To MBSE or Not to MBSE

10-05-20Andy Skotnicki
Andy Skotnicki

What is Model-Based Systems Engineering (MBSE)?

First and foremost, MBSE is Systems Engineering, and Systems Engineering is a multi-disciplined approach to the engineering of complex solutions. The key word here is engineering, not modeling or process. Although MBSE has been around a long time, since at least the late 80s/early 90s, the recent push into Digital Engineering has provided increased awareness to a much larger audience, for better or worse.

If Systems Engineering isn’t already being done well, then it will not be possible to fully leverage this more rigorous methodology to solve problems for customers in a more efficient manner. The primary intent of tools, any tool, is to make a task easier, more efficient, and can potentially result in predictable scaling of effort. Many in the SETA community have unfortunately interpreted MBSE as modeling of random information, or focused on using a specific tool, or rushing to use immature but evolving standards like SysML and Unified Architecture Framework (UAF), which have resulted in the opposite of the effect desired. The barriers to successful entry have become significant and are often not fully understood until well into the investment when results fail to meet the hype. These overly flexible and evolving standards and tools often result in increased complexity and decreased efficiency.

Practitioners in this new environment (often referred to as “tool jockeys,” demonstrating the focus on the tool vice the engineering) don’t seem to realize that MBSE is intended to be an extension of engineering. Engineers, not modelers, create solutions to problems, often represented as an architecture or design and associated derived requirements. Within MBSE, an architecture is part of a more integrated perspective called a model, and a model is analogous to an engineer’s digital logbook; captures decisions, rationale, and risks to be managed.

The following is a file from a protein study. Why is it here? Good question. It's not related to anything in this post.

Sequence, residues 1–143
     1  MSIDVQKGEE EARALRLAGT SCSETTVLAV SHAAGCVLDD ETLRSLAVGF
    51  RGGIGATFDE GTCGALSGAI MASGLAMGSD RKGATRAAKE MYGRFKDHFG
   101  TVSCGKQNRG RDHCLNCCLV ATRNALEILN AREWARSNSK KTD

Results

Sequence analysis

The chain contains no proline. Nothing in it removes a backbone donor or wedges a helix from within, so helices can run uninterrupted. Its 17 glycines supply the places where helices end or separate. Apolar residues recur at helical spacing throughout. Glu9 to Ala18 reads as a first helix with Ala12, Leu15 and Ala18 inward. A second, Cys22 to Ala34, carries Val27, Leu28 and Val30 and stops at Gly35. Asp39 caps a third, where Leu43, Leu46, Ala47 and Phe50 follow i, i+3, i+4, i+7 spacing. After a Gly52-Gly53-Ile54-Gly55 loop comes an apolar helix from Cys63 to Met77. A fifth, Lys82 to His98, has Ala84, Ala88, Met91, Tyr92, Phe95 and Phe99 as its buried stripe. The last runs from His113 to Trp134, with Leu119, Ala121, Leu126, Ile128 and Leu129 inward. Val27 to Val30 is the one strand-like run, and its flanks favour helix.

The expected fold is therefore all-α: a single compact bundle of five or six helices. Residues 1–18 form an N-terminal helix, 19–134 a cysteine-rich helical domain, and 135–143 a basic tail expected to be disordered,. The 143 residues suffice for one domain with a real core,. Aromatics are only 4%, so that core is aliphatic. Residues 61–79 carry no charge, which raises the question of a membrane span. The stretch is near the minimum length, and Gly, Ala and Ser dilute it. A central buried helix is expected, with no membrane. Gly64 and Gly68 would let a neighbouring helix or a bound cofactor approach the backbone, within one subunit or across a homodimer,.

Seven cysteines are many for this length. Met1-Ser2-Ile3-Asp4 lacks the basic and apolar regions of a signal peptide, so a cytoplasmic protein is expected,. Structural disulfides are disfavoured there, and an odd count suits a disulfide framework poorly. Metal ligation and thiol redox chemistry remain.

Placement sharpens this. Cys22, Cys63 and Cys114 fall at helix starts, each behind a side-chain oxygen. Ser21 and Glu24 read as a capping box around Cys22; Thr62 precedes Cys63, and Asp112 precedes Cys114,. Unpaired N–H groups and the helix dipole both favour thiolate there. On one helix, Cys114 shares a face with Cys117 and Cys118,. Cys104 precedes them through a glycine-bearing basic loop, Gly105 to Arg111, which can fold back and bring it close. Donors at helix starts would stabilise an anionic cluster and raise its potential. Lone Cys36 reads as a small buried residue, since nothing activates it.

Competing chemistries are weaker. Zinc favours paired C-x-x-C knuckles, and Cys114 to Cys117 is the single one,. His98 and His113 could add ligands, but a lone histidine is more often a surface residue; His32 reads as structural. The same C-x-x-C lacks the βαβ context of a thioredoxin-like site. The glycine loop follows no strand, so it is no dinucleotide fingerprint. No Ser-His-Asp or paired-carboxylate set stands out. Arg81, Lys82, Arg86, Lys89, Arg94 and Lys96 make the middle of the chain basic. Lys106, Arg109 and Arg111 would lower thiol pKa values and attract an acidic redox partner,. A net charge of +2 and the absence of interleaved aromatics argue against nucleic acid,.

In my 25 years of applying MBSE to various programs, I have rarely seen an actual model. So unless actual Systems Engineering (engineering vice just management processes) is already strong, trying to leverage the potential power of SE tools to gain efficiencies will ultimately result in a significant cost increase, lack of added value, a repository mentality, and information that isn’t normalized or bounded correctly, as well as the potential to lose a client’s support and trust as has happened with so many shiny widgets that came before. Investing in education, training, mentoring, and active career management will result in greater return on investment and sustainable growth.

Achieving the expected results also requires that our clients begin to hold their SE/MBSE support to a higher standard, while also allowing more autonomy in execution. It’s actually about having the right people do the right work at the right time. MBSE will not fix the de-evolution of Systems Engineering competency in the SETA community over the last 3 decades until the focus is put back on first principles and fundamentals of architecting/engineering so that Systems Engineers can provide effective leadership in solving problems and addressing critical questions only experienced engineering can answer.

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